A CONTROVERSIAL application to build a Tesco superstore in Buxton town centre has been withdrawn, the Buxton Advertiser can reveal.
In September, the supermarket giant submitted plans for a 40,000 sq ft store on Station Road, on a site currently occupied by Buxton Mineral Water.
But the plans, which have caused huge controversy in the area, and led to opposing campaign groups being formed, have now been withdrawn and will not go before High Peak Borough Council’s Development Control Committee on December 12, as had been expected.
Explaining the reasons behind the move, Tesco’s Corporate affairs manager Matthew Magee said: “We have received lots of feedback about our proposals focusing on the design of the store.
“We have decided to withdraw our current application to allow us to reflect on this.
“We are extremely grateful for the comments we have received from organisations like the Buxton Group and Buxton Civic Association and we hope to respond positively in due course.”
The outline application was for a store which would be twice the size of the existing Tesco store in Whaley Bridge. It also included a 50,000 sq ft mixed-use development incorporating student accommodation.
Tesco said the development would create up to 200 new jobs and provide more than 350 free car parking spaces.
But residents have been divided in opinion since the proposals were revealed at the end of last year. A No to Tesco campaign was launched with flags, posters and banners being displayed on many local shops and businesses.
And a Yes to Tesco campaign has also been established, with many people signing up to the opposing groups on social networking sites like Facebook and Twitter.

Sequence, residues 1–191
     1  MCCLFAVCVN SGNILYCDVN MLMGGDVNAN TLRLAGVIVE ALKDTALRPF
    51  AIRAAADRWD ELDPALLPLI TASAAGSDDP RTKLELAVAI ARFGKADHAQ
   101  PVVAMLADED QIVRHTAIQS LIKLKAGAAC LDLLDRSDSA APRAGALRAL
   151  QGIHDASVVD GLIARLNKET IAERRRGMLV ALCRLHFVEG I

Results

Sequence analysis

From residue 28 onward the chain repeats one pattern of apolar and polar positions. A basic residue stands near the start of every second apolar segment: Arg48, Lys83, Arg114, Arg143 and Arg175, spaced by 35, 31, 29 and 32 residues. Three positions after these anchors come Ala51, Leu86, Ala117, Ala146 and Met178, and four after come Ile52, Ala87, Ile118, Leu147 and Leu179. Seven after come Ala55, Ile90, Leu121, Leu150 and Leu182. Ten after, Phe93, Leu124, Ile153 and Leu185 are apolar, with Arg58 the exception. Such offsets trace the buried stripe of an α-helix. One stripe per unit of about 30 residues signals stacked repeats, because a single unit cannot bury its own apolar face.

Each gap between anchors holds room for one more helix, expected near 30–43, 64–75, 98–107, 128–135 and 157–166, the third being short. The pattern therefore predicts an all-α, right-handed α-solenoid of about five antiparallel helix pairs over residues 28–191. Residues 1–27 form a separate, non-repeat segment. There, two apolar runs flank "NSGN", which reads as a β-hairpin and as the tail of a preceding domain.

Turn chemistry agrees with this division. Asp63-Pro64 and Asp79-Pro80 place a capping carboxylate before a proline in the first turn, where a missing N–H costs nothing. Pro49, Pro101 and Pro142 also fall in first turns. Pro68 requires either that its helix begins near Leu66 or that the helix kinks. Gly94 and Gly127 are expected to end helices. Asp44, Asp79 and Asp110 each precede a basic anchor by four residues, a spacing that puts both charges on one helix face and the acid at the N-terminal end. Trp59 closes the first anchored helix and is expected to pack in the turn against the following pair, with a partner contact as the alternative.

This week, Vision Buxton have also added their opposition to the plans in an open letter to Tesco and High Peak Borough Council (HPBC).
The local business organisation said they were “surprised and disappointed with the proposals submitted to HPBC.”
They said that a number of issues that were identified at a meeting when Tesco made a presentation to Vision Buxton about their plans have not been addressed “beyond bland reassurance in the technical supporting documents that all will be well.”
The letter continues: “Inexplicably the scheme appears to have been moved in a direction contrary to that suggested by the collective thrust of the concerns expressed.” Among the concerns Vision Buxton have raised about the development are: more vehicle movement caused by a large car park; the design of the building and the lack of integration with the town centre.
Tesco had said that the location of the store and the free car parking would mean that people would use the store and then walk into town centre shops, but this was disputed by Vision Buxton. “The proposed additional pedestrian crossing is at best an irrelevance. When those using it reach the town centre side of Station Road they are presented with a blank wall to the Spring Gardens car park which lies several metres below the level of the pavement,” said Vision Buxton.
“They will have to traverse either left or right to gain access to the shopping heart of the town. This will take them past the existing pedestrian crossings. The distance required to be covered and the inconvenience is unaltered. There is no improvement in connectivity.”
The letter concludes: “It is difficult not to be drawn towards the conclusion that this consultation exercise has not been taken seriously. As public consultation is regarded as an essential part of major development proposals (a legal requirement with the passing of the Localism Act) this would be a highly damaging conclusion to be drawn.”
Nestle, who own Buxton Mineral Water, are currently building a new bottling plant at Waterswallows and will be relocating there from Station Road.